Scalability is another factor of Big Data Applications described by (Rys, 2011). Whenever we talk about Big Data, it mainly involves high-scaling systems. Each Big Data Application should be built in a way that eases scaling. (Rys, 2011) describes several needs for scaling: user load scalability, data load scalability, computational scalability and scale agility.

What is scalable data?

The figure illustrates the different needs for scalability in Big Data environments as described by (Rys, 2011). Many applications such as Facebook (Fowler, 2012) have a lot of users. Applications should support the large user base and should stay prone to errors in case the application sees unexpected high user numbers. Various techniques can be applied to support different needs such as fast data access. A factor that often – but not only – comes with a high number of users is the data load.
(Rys, 2011) describes that some or many users can produce this data. However, things such as sensors and other devices that do not directly relate to users can also produce large datasets. Computational scalability is the ability to scale to large datasets. Data is often analyzed and this needs compute power on the analysis side. Distributed algorithms such as Map/Reduce require a lot of nodes in order to perform queries and analyze in a performing manner.
Scale agility describes the possibility to change the environment of a system. This basically means that new instances such as compute can be added or removed on-demand. This requires a high level of automation and virtualization and is very similar to what can be done in cloud computing environments. Several Platforms such as Amazon EC2, Windows Azure, OpenStack, Eucalyptus and others enable this level of self-service that is a great support to scaling agility for Big Data environments.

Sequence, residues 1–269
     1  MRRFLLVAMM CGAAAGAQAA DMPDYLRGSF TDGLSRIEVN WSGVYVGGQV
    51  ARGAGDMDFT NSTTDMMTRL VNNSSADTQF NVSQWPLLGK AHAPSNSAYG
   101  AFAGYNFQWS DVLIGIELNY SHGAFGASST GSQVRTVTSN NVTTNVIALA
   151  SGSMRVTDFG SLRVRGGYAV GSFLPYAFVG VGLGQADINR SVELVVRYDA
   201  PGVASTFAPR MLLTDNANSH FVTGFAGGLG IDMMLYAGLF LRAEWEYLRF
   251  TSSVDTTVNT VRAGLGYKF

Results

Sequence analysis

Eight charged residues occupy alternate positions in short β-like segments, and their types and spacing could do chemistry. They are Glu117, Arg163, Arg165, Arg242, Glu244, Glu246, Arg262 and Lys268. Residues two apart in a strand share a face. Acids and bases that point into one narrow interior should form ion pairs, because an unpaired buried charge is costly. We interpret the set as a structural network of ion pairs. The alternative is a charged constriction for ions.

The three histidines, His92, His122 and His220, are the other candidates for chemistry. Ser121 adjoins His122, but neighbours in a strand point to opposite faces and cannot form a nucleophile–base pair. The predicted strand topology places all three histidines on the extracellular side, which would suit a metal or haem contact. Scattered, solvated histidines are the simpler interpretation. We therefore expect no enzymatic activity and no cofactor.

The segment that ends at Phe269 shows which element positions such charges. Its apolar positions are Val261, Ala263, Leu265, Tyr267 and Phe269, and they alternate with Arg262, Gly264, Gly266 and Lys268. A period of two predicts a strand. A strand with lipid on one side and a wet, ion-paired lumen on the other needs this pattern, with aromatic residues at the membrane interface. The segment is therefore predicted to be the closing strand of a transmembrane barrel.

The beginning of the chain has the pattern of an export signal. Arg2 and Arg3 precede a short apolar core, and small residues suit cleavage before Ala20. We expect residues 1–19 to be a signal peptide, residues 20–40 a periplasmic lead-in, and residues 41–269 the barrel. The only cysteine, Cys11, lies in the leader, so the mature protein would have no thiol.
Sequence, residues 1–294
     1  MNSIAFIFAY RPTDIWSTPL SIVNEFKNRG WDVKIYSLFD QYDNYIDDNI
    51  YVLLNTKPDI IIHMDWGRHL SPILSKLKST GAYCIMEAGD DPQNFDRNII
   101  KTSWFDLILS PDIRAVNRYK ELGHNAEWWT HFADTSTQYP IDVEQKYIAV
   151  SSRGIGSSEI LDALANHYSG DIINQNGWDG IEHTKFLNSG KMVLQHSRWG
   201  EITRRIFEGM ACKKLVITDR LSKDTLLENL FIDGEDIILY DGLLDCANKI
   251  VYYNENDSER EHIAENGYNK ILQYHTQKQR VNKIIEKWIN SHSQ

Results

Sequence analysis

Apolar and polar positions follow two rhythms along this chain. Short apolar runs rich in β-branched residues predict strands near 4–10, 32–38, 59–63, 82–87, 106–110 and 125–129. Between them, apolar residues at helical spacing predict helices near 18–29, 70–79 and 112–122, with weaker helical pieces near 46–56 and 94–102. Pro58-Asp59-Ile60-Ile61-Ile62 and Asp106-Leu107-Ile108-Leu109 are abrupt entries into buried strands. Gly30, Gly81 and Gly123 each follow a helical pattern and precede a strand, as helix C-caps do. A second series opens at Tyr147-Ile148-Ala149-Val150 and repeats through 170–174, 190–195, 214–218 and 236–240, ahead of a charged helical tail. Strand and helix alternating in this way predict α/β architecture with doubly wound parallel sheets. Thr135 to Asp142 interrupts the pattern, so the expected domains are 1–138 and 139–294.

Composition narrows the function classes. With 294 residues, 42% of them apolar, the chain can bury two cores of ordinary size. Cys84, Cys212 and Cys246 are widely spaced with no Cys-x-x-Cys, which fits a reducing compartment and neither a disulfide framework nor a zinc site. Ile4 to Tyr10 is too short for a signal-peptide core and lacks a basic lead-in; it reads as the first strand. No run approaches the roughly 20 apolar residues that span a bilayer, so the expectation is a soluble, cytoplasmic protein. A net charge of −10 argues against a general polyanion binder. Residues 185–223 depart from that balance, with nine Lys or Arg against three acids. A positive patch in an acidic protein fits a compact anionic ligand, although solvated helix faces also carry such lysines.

I hope you enjoyed the first part of this tutorial about scalable data. This tutorial is part of the Big Data Tutorial. Make sure to read the entire tutorials.

Agility is an important factor to Big Data Applications. Agile data needs to fulfill 3 different agility factors which are: model agility, operational agility and programming ability. (Rys, 2011)

Data agility

Data agility

Agile data: model agility

Model agility means how easy it is to change the Data Model. Traditionally, in SQL Systems it is rather hard to change a schema. Other Systems such as non-relational Databases allow easy change to the Database. If we look at Key/Value Storages such as DynamoDB (Amazon Web Services, 2013), the change to a Model is very easy. Databases in fast changing systems such as Social Media Applications, Online Shops and other require model agility. Updates to such systems occur frequently, often weekly to daily (Paul, 2012).

Operational agility

In distributed environments, it is often necessary to change operational aspects of a System. New Servers get added often, also with different aspects such as Operating System and Hardware. Database systems should stay tolerant to operational changes, as this is a crucial factor to growth.

Programming agility

Database Systems should support the software developers. This is when programming agility comes into play. Programming agility describes the approach that the Database and all associated SDK’s should easy the live of a developer that is working with the Database itself. Furthermore, it should also support fast development.
I hope you enjoyed the first part of this tutorial about transformable and filterable data. This tutorial is part of the Big Data Tutorial. Make sure to read the entire tutorials.